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Court Hears Association Health Plan Case Appeal

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Three judges at the U.S. Court of Appeals for the D.C. Circuit are thinking about whether the U.S. Department of Labor has the authority to loosen the rules that determine what kinds of employers can unite to act as one employer for association health plan (AHP) purposes.

The judges heard oral arguments on State of New York et al. v. the U.S. Department of Labor et al. (Case Number 19-5125) — a suit brought by officials in New York state and other states that want tight restrictions on AHP — last week in Washington.

(Related: Judge Blocks Trump Administration’s Association Health Plan Regulations)

Large employers can avoid complying with state insurance rules by choosing to self-insure.

In theory, an AHP can help small employers achieve that same goal, by letting the small employers combine to act as one big employer.

The administration of President Donald Trump released AHP regulations in 2017 that eased access to AHPs by adopting a flexible definition of the term “employer” for purposes of forming an AHP. Under the new regulations, an AHP can serve all kinds of employers in a community, or serve a national market of employers in a particular industry.

The administration also moved to let AHP organizers exist solely to provide AHPs, rather than to act as charities, general-purpose trade groups or other types of organizations.

Officials in New York state and other states that tend to support the Affordable Care Act framework say an expanded AHP program could weaken ACA protections; destabilize the small-group market by leading more of the small employers with younger, healthier workers out of the fully insured small-group market; and expose participating employers to the risk that poorly supervised AHPs might collapse.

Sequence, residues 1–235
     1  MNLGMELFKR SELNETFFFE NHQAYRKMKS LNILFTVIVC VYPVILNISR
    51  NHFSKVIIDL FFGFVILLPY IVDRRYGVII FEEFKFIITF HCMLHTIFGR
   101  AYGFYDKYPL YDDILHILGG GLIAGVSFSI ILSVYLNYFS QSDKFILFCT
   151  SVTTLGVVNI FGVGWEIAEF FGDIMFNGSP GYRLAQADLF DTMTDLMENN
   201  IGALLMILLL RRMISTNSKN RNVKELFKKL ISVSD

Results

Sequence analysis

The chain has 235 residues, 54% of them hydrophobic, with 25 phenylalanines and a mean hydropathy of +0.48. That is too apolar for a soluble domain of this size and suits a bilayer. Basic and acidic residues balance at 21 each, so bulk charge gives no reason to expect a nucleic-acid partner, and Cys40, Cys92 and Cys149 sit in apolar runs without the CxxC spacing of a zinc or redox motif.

Those officials have argued in court that the Trump administration has interpreted the definition of employer in an overly broad and unreasonable way.

Kev Coleman, president of of Nashville, Tenn., attended the oral arguments and wrote a commentary on what he saw for his organization.

Judge David Tatel, who was appointed to the court by former President Bill Clinton, asked the most questions and challenged both sides with equal vigor, Coleman wrote.

Judge Gregory Katsas, a judge appointed by Trump, seemed to be more skeptical of the states’ position, Coleman wrote.

Judge Karen LeCraft Henderson, who was appointed by former President Ronald Reagan, “did not direct any questions to either attorney during the proceedings,” Coleman reported.

“From the perspective of stakeholders in the new Trump-era association health plan regulation, the questions asked by the appeals judges were a cause for optimism inasmuch as they sincerely explored many of the core arguments justifying the legality of the new regulation,” Coleman said.


Links to AHP case pleadings are available here.

— Read Federal Judge Hears Association Health Plan Suit Arguments, on ThinkAdvisor.

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